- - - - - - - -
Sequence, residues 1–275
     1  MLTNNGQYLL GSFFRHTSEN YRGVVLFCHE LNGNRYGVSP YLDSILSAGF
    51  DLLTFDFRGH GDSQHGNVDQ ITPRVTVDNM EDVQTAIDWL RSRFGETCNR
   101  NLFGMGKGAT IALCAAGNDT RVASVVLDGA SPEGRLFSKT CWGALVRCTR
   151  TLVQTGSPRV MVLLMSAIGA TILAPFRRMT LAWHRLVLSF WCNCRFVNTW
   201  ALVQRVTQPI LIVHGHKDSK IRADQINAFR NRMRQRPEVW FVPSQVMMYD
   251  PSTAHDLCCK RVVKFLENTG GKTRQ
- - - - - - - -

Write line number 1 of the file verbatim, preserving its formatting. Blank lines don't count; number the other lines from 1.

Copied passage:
Sequence, residues 1–275